Few presidents have fallen as far as Calvin Coolidge. A popular president during his time in the White House, his standing plummeted with the onset of the Depression and the retroactive discrediting of his administration's policies that were associated with it. Yet in recent years a number of conservative writers have challenged this view, offering a contrasting interpretation of Coolidge as a presidential paragon. In this respect Amity Shlaes is merely the latest in a long line of writers stretching from Thomas B. Silver to Robert Sobel who seek to rehabilitate Coolidge's historical reputation so as to make him a respectable example of presidential leadership for our own times.
Yet it seems that the only way that Shlaes can achieve this goal is by ignoring the many criticisms directed against Coolidge's presidency. Rather than acknowledging any role that his low-tax, minimalist-regulation agenda might have played in fueling the speculative mania that led to stock market crash of 1929 or the depression that followed, she prefers to depict his administration as having achieved a perfect economic environment that was humming along smoothly when the keys were handed over to his successor. Throwing Herbert Hoover under the bus by blaming him for the collapse that followed is not only grossly unfair, it defies the evidence of an economy in the 1920s that was nowhere near as healthy as Shlaes would like to admit. Moreover, it undermines her goal, as rather than give Coolidge's achievements a full reexamination that would address the criticisms she does little more than offer a selective portrait that only serves to reaffirm the beliefs of the like-minded.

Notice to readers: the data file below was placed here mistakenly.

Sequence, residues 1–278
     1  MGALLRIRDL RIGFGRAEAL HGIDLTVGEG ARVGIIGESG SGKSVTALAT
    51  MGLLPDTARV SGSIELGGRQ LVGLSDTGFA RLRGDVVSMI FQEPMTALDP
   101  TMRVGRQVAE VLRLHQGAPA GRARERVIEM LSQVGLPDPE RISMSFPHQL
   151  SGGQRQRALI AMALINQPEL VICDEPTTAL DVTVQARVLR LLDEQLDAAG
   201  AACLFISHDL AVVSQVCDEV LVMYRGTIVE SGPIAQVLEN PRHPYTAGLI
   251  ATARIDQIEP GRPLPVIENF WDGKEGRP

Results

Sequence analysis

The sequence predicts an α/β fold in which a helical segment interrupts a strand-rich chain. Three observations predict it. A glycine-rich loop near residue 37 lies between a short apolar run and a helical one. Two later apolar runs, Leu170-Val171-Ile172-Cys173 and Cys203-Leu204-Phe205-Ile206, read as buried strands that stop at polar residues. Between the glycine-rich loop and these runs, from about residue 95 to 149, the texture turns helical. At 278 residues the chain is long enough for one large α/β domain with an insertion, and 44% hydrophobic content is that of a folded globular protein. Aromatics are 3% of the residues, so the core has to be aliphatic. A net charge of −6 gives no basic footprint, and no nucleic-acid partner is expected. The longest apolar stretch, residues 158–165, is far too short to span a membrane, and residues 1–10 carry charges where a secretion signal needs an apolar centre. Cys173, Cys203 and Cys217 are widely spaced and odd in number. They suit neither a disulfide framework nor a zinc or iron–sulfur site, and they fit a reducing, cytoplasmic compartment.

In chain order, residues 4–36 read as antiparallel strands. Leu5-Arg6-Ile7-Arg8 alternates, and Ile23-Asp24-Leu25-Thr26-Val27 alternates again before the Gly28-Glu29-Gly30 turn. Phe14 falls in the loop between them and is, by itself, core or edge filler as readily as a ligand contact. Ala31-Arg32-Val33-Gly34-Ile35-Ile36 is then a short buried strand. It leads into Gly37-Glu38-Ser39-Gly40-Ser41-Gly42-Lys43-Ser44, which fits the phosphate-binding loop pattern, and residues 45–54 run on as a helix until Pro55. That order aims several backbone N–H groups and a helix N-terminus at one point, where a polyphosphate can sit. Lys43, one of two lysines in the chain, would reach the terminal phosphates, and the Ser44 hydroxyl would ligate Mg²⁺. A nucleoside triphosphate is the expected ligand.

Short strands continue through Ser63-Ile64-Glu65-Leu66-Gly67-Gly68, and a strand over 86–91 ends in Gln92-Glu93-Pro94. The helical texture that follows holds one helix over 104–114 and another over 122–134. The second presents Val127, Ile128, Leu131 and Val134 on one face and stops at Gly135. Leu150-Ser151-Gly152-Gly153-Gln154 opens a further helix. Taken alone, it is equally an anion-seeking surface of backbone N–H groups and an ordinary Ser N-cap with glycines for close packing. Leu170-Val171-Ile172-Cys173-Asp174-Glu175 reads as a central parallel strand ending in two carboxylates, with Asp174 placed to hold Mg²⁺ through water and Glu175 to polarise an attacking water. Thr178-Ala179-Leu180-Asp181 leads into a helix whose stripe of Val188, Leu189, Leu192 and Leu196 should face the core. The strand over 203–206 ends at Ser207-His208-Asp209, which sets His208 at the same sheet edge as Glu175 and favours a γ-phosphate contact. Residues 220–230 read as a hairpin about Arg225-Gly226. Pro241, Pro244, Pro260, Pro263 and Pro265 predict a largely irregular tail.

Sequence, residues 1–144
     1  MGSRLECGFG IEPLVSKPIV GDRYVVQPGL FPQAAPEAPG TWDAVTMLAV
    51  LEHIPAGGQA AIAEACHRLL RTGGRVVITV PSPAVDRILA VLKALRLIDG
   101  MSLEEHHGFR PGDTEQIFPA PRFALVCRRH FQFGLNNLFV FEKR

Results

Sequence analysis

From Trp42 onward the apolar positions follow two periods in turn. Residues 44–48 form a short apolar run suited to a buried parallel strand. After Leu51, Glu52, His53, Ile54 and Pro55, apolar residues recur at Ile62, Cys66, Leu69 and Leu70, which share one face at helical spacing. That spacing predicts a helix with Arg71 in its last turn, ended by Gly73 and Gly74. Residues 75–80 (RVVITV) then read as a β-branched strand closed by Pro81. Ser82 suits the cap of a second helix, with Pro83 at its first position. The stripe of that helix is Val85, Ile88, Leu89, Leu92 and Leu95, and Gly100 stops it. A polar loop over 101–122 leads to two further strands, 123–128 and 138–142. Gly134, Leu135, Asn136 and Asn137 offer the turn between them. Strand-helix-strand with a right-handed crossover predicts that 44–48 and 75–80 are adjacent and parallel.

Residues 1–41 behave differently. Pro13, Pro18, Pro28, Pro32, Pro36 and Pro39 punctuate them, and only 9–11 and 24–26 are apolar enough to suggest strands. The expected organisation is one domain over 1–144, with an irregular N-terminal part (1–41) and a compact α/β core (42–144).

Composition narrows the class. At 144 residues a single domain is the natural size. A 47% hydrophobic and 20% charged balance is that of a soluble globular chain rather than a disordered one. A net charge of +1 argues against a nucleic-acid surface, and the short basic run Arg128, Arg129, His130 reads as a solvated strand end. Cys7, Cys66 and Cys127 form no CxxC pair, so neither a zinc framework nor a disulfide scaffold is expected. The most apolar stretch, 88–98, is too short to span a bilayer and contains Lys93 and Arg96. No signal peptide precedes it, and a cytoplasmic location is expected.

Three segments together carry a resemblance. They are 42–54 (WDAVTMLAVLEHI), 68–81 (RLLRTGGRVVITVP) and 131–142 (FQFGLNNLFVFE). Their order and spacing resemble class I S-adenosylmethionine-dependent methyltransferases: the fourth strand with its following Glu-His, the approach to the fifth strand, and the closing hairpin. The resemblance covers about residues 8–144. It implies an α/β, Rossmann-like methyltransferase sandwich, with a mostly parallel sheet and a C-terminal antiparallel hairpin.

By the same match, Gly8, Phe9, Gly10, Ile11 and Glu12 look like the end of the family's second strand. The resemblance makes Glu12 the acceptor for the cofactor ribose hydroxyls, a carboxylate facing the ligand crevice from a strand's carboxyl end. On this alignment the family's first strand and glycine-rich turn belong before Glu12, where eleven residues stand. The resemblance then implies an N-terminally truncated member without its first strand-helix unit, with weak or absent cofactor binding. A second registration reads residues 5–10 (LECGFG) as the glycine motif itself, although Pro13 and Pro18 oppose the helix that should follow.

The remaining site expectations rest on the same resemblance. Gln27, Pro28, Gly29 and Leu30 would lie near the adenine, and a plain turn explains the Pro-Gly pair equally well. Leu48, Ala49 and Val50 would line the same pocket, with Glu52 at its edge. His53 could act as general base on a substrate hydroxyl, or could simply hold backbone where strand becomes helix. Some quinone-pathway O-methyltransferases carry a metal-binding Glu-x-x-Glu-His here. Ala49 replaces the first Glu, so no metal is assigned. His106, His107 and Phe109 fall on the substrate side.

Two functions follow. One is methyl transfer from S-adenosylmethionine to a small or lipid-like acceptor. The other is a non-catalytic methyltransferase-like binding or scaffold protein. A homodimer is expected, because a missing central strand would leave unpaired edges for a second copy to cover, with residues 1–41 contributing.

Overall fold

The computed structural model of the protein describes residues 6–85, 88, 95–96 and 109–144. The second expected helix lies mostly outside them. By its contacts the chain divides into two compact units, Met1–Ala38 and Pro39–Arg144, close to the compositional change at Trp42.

This is unfortunate considering the effort she put into her work. For despite Shlaes's considerable research in the papers of Coolidge and his contemporaries, her overall result adds little to the case made in previous efforts to redeem Coolidge and his presidency. Because of this, readers seeking to learn more about Coolidge would be better served by turning to Sobel's superior Coolidge or David Greenberg's shorter Calvin Coolidge for an understanding of our 30th president's life and career rather than Shlaes's hefty tome - which, for all its size, proves in the end to be disappointingly hollow.
This book is about Calvin Coolidge, a Vermonter who rose to become America's 30th President in the mid 1920s (he was initially Harding's Vice President, until Harding's death).
This wasn't a bad book. It read pretty well, and moved at a good lick. My problem is that I think it doesn't necessarily bear comparison to other American political biographies I've read lately.
Don't get me wrong, it's a decent enough read in its own right (even if it portrays Coolidge as someone who never saw a buck he didn't know how to stretch), it's just compared to Caro's book about Johnson in the Senate, this book just doesn't feel as well researhed or well written.
If you've not read Caro's book, you'll probably enjoy this one better.